If Thrun and Sam Zaid of Getaround are correct, it could be possible to dramatically increase the utilization of cars (and congestion) while shrinking their numbers overall. (Highways would be as crowded as ever, but there would be a lot more open parking spots.) And then what would that mean for the (formerly) Big Three?

For the answer to that, we need look no further than 2009, the U.S. auto industry’s annus horriblis in which the total number of cars on the road contracted for the first time since World War II. Not coincidentally, both GM and Chrysler filed for bankruptcy that year.

More troubling than the one-time dip of the financial crisis is the gradual erosion in the number of teenage drivers, whose numbers have fallen below 10 million (from a peak of 12 million in 1978), despite the largest teenage population ever. "Many of today’s young people living in a more urban society learn to live without cars," theorized the environmentalist Lester R. Brown at the time. "They socialize on the Internet and on smartphones, not in cars."

Perhaps in the future, they will socialize on smartphones in driverless cars. In that case, to survive, the auto industry's business model might be starting to look like the smartphone one—with the hardware made in China, and the brains supplied by Google.

[Image: Google Blog]

Read more from Fast Company's series The Butterfly Effect: How China's Real Estate Bubble Is Toying With Commodities And The Global Recovery

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  • John Eight Thirty-Two

    The basic point of this article is that efficiency is bad and consumption is good. By that reasoning, I ought to go smash my neighbors' windows. Think of all the good I'll be doing for local glaziers! I, for one, welcome our new robot drivers. They can't be as bad at it as the humans are -- they're killing a hundred people every day, just in the US.

  • Das M


    I can see where this can be very useful but I do not see a majority of humans becoming passive enough to beckon cars and then go to sleep inside their cars. The idea that it may replace the limited functionality of the existing cruise control makes sense. As people become more and more distracted, cars becoming safer and smarter makes sense.

    Many here are offended because it takes away the pleasure of driving and control of the car. I enjoy driving long distances because I enjoy driving. Automated transports do exist and I don't see people clamoring to jump in for the experience.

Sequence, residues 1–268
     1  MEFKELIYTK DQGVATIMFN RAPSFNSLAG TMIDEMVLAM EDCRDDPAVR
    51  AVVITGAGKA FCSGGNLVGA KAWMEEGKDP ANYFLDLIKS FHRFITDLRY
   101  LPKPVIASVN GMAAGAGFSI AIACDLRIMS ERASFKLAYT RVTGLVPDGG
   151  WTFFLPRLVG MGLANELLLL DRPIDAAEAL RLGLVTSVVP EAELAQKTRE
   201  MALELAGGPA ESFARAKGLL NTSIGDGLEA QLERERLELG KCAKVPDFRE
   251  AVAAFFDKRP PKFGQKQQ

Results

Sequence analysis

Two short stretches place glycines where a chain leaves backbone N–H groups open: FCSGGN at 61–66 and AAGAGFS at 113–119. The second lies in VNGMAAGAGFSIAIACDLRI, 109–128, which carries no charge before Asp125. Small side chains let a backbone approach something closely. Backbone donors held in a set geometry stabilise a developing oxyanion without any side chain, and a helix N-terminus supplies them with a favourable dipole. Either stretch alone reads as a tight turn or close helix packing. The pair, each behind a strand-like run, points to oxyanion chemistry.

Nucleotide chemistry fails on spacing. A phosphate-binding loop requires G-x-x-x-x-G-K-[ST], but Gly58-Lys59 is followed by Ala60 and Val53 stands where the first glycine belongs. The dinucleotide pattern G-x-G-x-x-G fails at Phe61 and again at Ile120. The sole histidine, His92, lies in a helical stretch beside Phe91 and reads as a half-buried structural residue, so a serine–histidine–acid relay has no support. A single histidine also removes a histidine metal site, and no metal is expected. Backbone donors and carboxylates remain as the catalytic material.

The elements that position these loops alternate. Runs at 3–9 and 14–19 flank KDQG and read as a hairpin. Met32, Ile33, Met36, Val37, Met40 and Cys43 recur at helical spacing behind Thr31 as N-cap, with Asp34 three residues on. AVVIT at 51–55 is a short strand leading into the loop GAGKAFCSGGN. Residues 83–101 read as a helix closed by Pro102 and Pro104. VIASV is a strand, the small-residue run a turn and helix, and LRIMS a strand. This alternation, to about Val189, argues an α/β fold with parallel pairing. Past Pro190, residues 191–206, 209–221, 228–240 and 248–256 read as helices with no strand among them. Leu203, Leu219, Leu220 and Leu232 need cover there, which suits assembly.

What we might end up could be a mix of automation, human control and a system that takes over when people loose control or a dangerous situation arises. The race car speedway will continue to exist for sure.


  • addavis01

    I'd like to believe that driverless cars would take off a la Minority Report. Watching cars zip along roads effortlessly and communicate with each other to allow seamless traffic flow seams utopian. But even utopia man always yearns for one thing, and that one thing is control. The ability to makes ones decision based on a given stimulus and condition. And in a world where people change their minds on the whims of such petty things as hunger, we need t control so that we can do a U-Turn in the middle of traffic to go to the McDonalds we just passed. So automated driving may seem perfect, but only if it's driving another perfect creation, which humans simply are not.

  • Kevin McLaughlin

    It's a great and important attempt to look at the impact of new technology and our changing relationship to 'the car' - but makes a big error in logic, I think. eg "In a driverless world, owners would barely notice when their car was missing." In fact, why would they even bother to own a car? The less 'fun' a car becomes (ie to drive), the less reason to own one. And if you could simply request a car to come to your house, who cares where it is parked when not in use? Don't forget, road tolls will be in effect. So maybe the cars will look more like VW buses, picking up not just you but your neighbours too? Those could be the cheaper option ie self-driving mini-buses, and maybe SMART cars for individuals in a hurry, and Prius for families. The point is that the car of the future will be shared, not owned.

  • bep

    Good information, poor thesis.  It is great to read about how fast the technology is developing.  But the author's theory that it will be bad for the car companies and therefore bad for everyone is weak, at best.
    Will the technology take over overnight, and cause a sudden precipitous switch in behaviors?  Unlikely.Could American car companies use this as an opportunity to be the first ones with the new technology, and gain an advantage in the world market?  They can and they should, instead of having to play catch up like they're currently doing with hybrids and electrics.Is a technology that will make life better for us a bad thing because some companies will have to learn to adapt?  Well, should we never have taken up that newfangled technology known as the automobile, because it was terrible for the horseshoe-makers and the carriage industry?